Your Genesys Blog Subscription has been confirmed!
Please add [email protected] to your safe sender list to ensure you receive the weekly blog notifications.
Don't Show This Again.
Artificial intelligence (AI) is transforming customer experience. Using Natural Language Processing (NLP), computers understand consumers’ needs and intentions, read their emotional and linguistic cues, and create personalized responses. Intent is an important word in the world of AI. It’s defined as users’ intention based on their inbound inquiries via text or voice. And being able to accurately understand intent is the foundation of creating a correct response for consumers.
But intent is also an important element in outbound responses. In the absence of a human, when a virtual agent responds via synthesized speech, it’s important that the speech intention is modelled appropriately. Without proper nuance, communication breaks down — and that leads to unhappy customers.
Communicate Intention and Modality Beyond Words
Humans use speech for various purposes — to express a feeling, get something done or perhaps report on events. They speak with purpose. When a human communicates with another human face to face, he or she not only listens to the words but also pays attention to extralinguistic cues, such as facial expressions, body language, intonations, tone of voice, etc. With remote communications, in the absence of facial and body cues, intonations (prosody) and tone of a voice become the primary extralinguistic cues to deliver the underlying intention beyond words. Effectiveness relies on communicating both the meaning of the words and the underlying intention.
When creating human speech artificially, you need to decide if it delivers with intention or not. Traditional text-to-speech engines have always opted to adopt the simpler approach — read the text without intention, in a monotoned, neutral way. These engines might sound grammatically correct, but they lack intention. The recipient could understand the semantic — but not pragmatic — meaning of the sentences.
Semantic refers to the obvious, face value of what was said. Pragmatic refers to the study of the intention behind the words. The way a message is delivered has everything to do with these distinctions. Modality is the linguistic term for what the sentence conveys. According to the French linguistic school, modality is said to be “the soul of the sentence.”
When digging deeper into pragmatic terminology, illocutionary force explains how we can expand a discussion more broadly, predicting the detailed expected effects of the utterance. There are six types of force: asserting, promising, excommunicating, exclaiming in pain, inquiring and ordering. These designations create better classifications of possible triggers and desired responses.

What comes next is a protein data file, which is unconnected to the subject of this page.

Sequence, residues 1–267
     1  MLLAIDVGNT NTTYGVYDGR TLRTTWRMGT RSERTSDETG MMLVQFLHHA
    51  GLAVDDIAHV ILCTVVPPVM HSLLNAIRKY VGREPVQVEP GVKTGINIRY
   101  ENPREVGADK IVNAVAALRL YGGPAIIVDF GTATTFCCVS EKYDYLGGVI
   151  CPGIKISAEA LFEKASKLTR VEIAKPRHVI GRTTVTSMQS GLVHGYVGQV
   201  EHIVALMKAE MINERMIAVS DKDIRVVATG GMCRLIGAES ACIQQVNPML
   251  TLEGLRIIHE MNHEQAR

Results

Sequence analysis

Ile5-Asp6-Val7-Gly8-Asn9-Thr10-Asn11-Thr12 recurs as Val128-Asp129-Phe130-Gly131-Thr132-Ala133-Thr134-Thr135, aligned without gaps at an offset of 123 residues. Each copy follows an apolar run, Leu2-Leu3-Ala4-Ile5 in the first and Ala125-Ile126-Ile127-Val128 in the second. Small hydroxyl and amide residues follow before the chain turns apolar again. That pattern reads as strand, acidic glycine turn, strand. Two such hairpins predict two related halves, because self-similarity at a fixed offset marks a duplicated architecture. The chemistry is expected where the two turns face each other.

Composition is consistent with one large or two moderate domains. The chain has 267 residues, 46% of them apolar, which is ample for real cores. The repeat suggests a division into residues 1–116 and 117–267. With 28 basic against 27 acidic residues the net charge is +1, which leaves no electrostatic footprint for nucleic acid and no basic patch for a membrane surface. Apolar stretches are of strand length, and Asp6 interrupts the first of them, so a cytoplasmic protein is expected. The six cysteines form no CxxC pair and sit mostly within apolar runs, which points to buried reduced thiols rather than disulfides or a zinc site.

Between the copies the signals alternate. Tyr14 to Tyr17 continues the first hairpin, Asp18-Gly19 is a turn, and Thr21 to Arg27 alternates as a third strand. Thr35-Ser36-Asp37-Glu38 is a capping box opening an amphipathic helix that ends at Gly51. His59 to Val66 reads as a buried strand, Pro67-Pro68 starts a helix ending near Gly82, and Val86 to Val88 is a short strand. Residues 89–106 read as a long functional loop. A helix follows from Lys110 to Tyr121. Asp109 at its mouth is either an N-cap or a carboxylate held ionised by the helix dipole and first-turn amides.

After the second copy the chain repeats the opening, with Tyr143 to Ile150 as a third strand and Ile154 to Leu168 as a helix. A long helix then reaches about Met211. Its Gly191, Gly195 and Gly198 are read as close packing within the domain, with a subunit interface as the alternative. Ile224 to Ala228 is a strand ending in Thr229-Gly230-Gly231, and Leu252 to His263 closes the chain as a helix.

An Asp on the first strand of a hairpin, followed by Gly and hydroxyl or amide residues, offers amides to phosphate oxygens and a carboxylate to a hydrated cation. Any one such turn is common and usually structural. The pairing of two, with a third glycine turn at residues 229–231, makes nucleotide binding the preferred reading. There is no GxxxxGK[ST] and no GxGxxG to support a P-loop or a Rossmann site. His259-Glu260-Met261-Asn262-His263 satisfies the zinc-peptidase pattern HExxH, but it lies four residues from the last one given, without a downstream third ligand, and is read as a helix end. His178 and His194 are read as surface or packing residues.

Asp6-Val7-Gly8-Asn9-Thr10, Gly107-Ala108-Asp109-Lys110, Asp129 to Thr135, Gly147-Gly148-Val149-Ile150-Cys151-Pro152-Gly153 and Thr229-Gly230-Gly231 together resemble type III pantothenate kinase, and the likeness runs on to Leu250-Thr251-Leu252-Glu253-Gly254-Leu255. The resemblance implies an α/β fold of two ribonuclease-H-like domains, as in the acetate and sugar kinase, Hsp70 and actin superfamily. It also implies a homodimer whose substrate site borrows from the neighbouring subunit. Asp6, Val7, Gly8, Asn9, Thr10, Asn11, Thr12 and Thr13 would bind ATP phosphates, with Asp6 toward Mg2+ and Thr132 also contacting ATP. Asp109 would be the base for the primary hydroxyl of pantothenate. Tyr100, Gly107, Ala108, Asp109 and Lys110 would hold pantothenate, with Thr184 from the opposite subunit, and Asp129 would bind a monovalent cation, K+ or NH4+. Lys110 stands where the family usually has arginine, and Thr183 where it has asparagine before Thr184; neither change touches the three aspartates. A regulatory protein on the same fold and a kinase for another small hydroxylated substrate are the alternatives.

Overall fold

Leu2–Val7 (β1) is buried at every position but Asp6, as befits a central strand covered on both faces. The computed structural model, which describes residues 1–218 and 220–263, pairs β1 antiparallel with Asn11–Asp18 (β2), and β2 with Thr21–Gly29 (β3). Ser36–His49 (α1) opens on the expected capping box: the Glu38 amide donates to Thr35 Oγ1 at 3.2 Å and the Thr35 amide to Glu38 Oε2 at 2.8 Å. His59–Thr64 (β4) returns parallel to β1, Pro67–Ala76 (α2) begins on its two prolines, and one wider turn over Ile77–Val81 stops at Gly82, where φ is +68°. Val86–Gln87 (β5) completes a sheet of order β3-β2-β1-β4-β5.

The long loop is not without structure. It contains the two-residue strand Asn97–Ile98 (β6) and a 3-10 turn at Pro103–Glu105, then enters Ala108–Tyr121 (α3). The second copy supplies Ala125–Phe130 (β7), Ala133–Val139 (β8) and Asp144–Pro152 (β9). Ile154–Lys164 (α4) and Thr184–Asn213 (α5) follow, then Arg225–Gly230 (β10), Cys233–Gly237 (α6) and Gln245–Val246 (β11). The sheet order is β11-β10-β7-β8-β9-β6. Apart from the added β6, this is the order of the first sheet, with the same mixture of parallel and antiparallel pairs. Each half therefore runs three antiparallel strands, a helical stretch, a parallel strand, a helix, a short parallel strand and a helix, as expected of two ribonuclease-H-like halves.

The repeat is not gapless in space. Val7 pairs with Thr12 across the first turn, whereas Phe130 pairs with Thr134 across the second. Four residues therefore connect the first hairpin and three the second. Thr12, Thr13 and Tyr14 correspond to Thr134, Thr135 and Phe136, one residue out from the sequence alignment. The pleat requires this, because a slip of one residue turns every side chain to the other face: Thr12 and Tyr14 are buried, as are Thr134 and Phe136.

The pragmatics of a sentence give us tools to convey the specific modality we want. Beyond prosody, pragmatics also refer to external parameters such as the speech speed (e.g., slow talking might convey additional respect toward elderly or non-native speakers); pitch (low tone could convey, in specific circumstances, a threat); and volume (high volume may convey anger or urgency). Even some small stresses, strategically placed at the right moments, could submit a reversal of meaning. Consider the sentence, “The package will arrive tomorrow.” If added an “eeh” sound just before the key word tomorrow — “The package will arrive, eeh, tomorrow” — it conveys that the speaker might have doubt about that arrival time.
Model Speech Intention for Effective Communication
Modern speech production requires more than just being able to reproduce correct word pronunciation — with the right pauses and the proper intonation. It should be able to translate modality and intent into specific modifications to neutral speech, rendering it more effective and meaningful.
Genesys AppFoundry partner Speechmorphing applies prosodic modeling as an integral part of its speech synthesis to model speech intention. Its advanced text-to-speech system captures a wide range of prosodic aspects of a voice and is trained with the intelligence of prosodic details, e.g., how a certain word should be pronounced with respect to breaks, boundary tones, pitch accents and emphasis. The produced voices can be modified and customized downstream with a great level of flexibility. This technology lets you achieve a higher sophistication with respect to simulated speech, making it sound more natural. And this results a more effective IVR with happier customers.
The AI, neural network and prosodic modeling-based speech synthesis technology is capable of producing the most natural conversational dialogues between human and computer. Its custom, branded, contextual and fully customizable voices support the desired personas and communication styles of digital agents and conversational IVR. Now offering seamless integrations with Genesys platforms, as well as industry-leading ASR/NLU/dialog managers, Speechmorphing helps transform customer experience by taking conversational customer care to the next level. For more information on Speechmorphing products, visit its listings available on PureCloud, PureConnect and PureEngage in the AppFoundry Marketplace.
This post was co-authored by Ron Hasson. Ron is a philologist by education and conviction, and a Chief Linguist at Speechmorphing where he oversees the front-end development of the Speechmorphing award-winning speech synthesis product. Ron is the developer of several TTS products, including a Hebrew TTS engine that is installed in most of the Israeli banks. Ron believes that the future of machine speech lies with neural networks technics which should be carefully validated by traditional linguistics
Subscribe to our free newsletter and get the Genesys blog updates in your inbox.